It looks like the girls of Lilith Fair are definitely getting the better of the boys on the rock festival circuit this summer. Just like this year's Lollapalooza lineup, Horde '97 comprises a rag-tag assembly of bands with little in common, and presents them in such a way as to take all the fun and spirit out of the all-day festival.
It looks like the girls of Lilith Fair are definitely getting the better of the boys on the rock festival circuit this summer. Just like this year’s Lollapalooza lineup, Horde ’97 comprises a rag-tag assembly of bands with little in common, and presents them in such a way as to take all the fun and spirit out of the all-day festival.
How else do you explain the timing of the performances here, where one band starts to play on one stage as soon as another finishes on an alternate stage. For example, watching all of Morphine’s brilliant but too-short set as second-stage headliners meant missing the first song or two from Neil Young. And who decided that a weak band like lounge chumps the Squirrel Nut Zippers even belong on the same stage as Young?
Nothing connected any of the bands’ efforts here (save for the improv sessions over at the jam stage), so the eight-hour show played like nothing more than a series of extraneous individual perfs, the best of which weren’t even found on the main stage.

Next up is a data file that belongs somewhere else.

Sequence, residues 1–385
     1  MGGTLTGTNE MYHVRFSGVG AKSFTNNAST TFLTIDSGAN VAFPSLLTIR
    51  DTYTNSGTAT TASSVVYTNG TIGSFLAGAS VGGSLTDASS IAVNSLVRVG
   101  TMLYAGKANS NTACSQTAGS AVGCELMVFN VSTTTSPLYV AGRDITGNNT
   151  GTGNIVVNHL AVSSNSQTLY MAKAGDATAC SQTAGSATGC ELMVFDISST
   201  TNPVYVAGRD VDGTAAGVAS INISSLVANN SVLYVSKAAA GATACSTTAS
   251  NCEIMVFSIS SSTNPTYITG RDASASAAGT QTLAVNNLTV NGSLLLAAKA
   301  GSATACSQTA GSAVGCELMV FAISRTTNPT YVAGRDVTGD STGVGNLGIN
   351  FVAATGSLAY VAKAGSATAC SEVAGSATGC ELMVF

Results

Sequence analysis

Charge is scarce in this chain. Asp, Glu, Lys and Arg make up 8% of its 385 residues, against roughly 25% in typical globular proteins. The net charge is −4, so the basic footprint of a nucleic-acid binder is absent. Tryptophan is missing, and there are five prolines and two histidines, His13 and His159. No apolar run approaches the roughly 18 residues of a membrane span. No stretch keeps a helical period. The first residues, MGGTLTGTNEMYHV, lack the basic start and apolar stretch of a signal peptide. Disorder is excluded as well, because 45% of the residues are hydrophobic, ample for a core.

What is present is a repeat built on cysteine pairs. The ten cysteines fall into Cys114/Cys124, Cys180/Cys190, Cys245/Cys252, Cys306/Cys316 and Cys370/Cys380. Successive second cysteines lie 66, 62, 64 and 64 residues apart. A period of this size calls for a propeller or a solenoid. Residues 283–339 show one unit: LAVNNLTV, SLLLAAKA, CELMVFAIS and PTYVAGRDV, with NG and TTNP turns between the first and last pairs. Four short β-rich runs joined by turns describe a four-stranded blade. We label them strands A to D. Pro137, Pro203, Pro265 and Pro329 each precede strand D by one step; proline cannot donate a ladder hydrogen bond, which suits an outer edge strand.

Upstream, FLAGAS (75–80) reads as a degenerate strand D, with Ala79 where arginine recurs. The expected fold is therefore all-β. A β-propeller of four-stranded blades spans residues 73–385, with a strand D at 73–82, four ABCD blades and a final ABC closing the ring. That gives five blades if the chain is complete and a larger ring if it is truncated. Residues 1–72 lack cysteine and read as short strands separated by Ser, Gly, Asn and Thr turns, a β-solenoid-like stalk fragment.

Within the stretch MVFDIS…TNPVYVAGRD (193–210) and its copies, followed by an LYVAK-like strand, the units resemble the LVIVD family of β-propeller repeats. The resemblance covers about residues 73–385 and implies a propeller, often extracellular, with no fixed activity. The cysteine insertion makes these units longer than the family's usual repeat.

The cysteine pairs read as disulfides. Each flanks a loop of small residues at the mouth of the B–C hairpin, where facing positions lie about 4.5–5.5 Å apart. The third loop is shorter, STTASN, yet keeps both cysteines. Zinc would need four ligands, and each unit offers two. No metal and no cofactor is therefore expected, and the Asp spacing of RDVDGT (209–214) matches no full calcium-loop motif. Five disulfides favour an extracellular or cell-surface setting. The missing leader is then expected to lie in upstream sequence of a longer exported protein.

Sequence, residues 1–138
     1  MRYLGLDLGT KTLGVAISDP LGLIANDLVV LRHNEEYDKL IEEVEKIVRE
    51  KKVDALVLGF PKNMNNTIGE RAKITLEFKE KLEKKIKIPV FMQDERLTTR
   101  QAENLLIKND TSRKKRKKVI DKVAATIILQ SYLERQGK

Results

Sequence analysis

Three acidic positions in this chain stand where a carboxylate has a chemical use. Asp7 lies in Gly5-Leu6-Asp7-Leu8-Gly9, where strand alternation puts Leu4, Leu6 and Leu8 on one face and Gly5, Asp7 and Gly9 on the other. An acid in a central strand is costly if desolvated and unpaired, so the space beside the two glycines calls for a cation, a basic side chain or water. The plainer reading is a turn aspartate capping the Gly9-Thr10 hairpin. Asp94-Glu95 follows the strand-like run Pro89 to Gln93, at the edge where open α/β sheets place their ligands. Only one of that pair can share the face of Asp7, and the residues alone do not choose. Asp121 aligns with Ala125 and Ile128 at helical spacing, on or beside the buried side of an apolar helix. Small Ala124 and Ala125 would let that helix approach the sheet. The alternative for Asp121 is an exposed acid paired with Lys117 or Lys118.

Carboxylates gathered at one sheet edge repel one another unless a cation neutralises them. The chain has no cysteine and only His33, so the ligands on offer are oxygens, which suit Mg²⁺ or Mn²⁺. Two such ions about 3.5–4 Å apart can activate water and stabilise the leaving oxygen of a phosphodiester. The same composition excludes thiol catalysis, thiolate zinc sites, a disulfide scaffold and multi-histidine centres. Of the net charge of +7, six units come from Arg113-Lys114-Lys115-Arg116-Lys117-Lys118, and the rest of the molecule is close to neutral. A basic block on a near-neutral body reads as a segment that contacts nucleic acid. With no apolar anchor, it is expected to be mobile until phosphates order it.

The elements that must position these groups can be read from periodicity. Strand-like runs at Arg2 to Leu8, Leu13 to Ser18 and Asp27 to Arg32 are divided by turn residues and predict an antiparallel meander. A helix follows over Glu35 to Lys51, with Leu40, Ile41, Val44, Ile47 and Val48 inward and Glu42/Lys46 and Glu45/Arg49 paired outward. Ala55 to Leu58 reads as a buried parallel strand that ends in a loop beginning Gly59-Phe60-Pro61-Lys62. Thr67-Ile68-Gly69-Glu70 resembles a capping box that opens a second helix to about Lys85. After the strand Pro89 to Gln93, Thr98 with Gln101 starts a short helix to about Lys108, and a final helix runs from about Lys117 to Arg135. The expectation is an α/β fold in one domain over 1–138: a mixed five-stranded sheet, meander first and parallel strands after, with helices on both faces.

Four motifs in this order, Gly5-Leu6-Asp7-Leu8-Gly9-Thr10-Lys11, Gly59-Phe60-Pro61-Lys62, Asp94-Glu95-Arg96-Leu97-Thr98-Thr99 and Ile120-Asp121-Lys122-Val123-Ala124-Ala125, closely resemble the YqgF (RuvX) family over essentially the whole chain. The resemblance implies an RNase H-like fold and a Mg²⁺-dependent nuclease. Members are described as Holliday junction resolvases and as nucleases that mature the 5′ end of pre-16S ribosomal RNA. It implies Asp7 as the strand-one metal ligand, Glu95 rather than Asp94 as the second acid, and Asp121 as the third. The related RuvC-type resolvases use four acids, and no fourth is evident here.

The kick-ass bass-saxophone-drums attack of Boston’s Morphine, in front of a large and loud second-stage crowd, was the most compelling set of the day. Leader Mark Sandman’s vocals were smooth and smoky, his slide-bass playing cool and sexy, while sax man Dana Colley jumped between tasty tenor and baritone sax parts and drummer Billy Conway kept a solid and shuffling beat.
Also on the small stage, Ben Folds Five — actually a buoyant and lively pop trio — were supplemented here by a nifty four-piece string section, and almost brought the house down during their early evening set. Leader Ben Folds showed off his impressive piano skills and slick songwriting style, reminiscent of Joe Jackson and Billy Joel, but only if either had the indubitable energy of, say, Tiger Woods.
Headliner Young’s encoreless 90-minute set was mostly obscure material, surprisingly short on jamming and long on questionable midtempo excursions. It was a decidedly low-key and workmanlike set, peppered with tracks such as “I’m the Ocean,” from the “Mirror Ball” album he recorded with Pearl Jam, and the B-side “Don’t Spook the Horse.” His guitar playing, whether electric or acoustic, was powerful and assured.
Primus debuted for L.A. their new drummer, former Limbomaniacs member Brain, but he’s a poor replacement for the departed Tim (Herb) Alexander, who turns out to be more responsible for the proper execution of the group’s elastic funk-throb-metal sound than had been previously acknowledged.
Middle-of-the-road sets from Big Head Todd & the Monsters and Toad the Wet Sprocket did little to stir the sun-weary crowd, though Leftover Salmon’s pickin’-and-grinnin’ routine on the second stage was hands-down the most irritating entry of the day.